Scenario building



Our cornerstone method for collectively imagining the outlines and basic concepts of new worlds or possible futures. It's borrowed from the analytical branch of Futures Studies, so tends to be a bit brainy. But it's fun nevertheless. There's a god-like satisfaction in creating new worlds, and it's magical to do this in a group. After this exercise these new worlds and possible futures exist — you have created them so you can visit them…


Start by choosing good parameters for a horizontal and a vertical axis. We initially learned to use the method of Horizon Scanning (p. ) and the notion of 'critical uncertainties' (trends, signals or drivers of change that seem important but are also unpredictable). Along the way we experimented with a variety of ways to define our parameters. We found that as long as the parameters relate to values, themes or trends that your group is interested and invested in, anything goes. If a choice between different options needs to be made, you can use dot-voting (p. ) or Sociometry (p. ), or call in a medium or burn some candles to help the group make choices.

Once you have defined the parameters, draw your two axes and name the extremities. At one extreme, imagine the chosen parameter developing in one direction. At the other, imagine it developing in the exact opposite direction. (Some examples from our own experience: speed versus slowness, globalised versus localised, partriarchy versus matriarchy, centralised power versus distributed power, security versus insecurity, centralised social media versus federated social media, equality versus privilige…).

By drawing the axes you will produce four quadrants, and it is these quadrants that will inspire four different scenarios for as many different worlds or futures. Every quadrant is defined by two different extremities, and the group now imagines a world defined by these parameters. Add seperate elements that can be part of this world, things you associate or would expect to develop in this kind of context. You can help the group by asking how society would be organised in this world: how does politics work in this scenario, or media, education, sport, culture, economy… (Or you can write these questions on seperate pieces of paper, put them in a hat or bowl, and have the group pick them randomly. – But actually, we explain that in the activity Drawing Questions at Random (p. ).

Once you have listed enough elements, some general outlines for your new world will become clear. Congratulations, you have created a world!

Repeat the same procedure for every of the four quadrants, and for future reference give every scenario a catchy title. You can also divide the group in four smaller ones, and ask every sub-group to develop one quadrant into a possible future.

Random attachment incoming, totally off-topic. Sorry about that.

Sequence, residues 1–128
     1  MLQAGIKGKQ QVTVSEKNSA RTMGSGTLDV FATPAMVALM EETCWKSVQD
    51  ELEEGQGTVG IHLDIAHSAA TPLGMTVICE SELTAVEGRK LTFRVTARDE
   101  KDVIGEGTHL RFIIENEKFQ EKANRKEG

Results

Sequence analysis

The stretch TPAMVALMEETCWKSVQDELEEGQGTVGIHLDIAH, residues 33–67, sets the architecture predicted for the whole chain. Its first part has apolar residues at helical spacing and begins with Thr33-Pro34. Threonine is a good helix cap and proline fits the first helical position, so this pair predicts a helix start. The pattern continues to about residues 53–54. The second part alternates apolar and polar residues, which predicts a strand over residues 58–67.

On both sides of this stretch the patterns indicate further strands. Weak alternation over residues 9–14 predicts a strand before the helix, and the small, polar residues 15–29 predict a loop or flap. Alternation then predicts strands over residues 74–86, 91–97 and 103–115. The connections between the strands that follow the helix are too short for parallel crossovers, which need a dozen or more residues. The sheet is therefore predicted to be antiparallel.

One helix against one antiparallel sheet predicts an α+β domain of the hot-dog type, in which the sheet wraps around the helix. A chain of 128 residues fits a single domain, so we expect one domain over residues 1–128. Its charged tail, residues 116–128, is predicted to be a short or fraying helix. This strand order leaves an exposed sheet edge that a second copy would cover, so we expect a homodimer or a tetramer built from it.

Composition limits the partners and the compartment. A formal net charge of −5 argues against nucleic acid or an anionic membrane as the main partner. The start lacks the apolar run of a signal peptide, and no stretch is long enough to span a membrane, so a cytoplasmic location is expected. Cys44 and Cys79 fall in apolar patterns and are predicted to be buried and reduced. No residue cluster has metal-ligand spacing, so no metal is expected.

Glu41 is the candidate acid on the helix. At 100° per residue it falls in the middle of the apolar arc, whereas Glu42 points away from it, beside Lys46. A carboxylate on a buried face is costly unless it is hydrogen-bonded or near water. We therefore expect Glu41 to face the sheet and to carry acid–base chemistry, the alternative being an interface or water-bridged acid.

We used this method on several occasions and despite its cerebral character it's quite amusing to do and works very well. It's an easy way to use the collective imagination of the group to dream up new worlds or possible futures. And once the blueprint of a world is laid out, there's a lot of potential for fun, using less cerebral ways to develop and concretise the imagination around these worlds.

We noticed that in most cases at least one of the four worlds seems totaly utopian at first, and another one absolutely dystopian. But upon closer inspection we always bump into the same conclusion: there are very nice things to be found in the dystopian scenarios, and awful ones in the utopian ones. As in real life, none of the scenarios turn out to be simply black and white.

Diederik P.

Axis tracing session. Good big axes. Extremities:

  • Autonomy vs. Obligation on one axis
  • Order vs. Disorder on the other one

Good old groups. Lots of deliberation. What hovers is the immense need for coherence in each world. We are all frail little things and Lady Complexity is always around the corner.

The exercise forces us to draw the line, stretches our political sense, makes it crack... Not all the time, but if the group has the right instructions and forces itself to push the cursors, at some point it 'cracks', it gives in to the demon of the 'system'. A reversal then occurs (at least in one group that could be said to have 'succeeded' in the exercise): the world overtakes you and you become its servant. You may not like its description, but that's not the point, it imposes itself through its own spirit of coherence. So people seemed possesed, enchantments and horrors. They were messengers. A frenzy creeps in with little panics, necessary frights, raptures, confusion. We end up disturbed by what we describe and our real world comes out slightly bewitched.

Julien F. (about a session in the frame of his project Enfance Majeure)


Maja Kuzmanovic thought us how to create worlds and futures during the opening workshop of our research project. The workshop was called The Art of Futuring and took place at PAF (Saint-Erme, F) in February 2019.

This entry was written by Anna Cz. and Diederik P. after studying the tremendously clear notes that Delphine Hesters made during the workshop.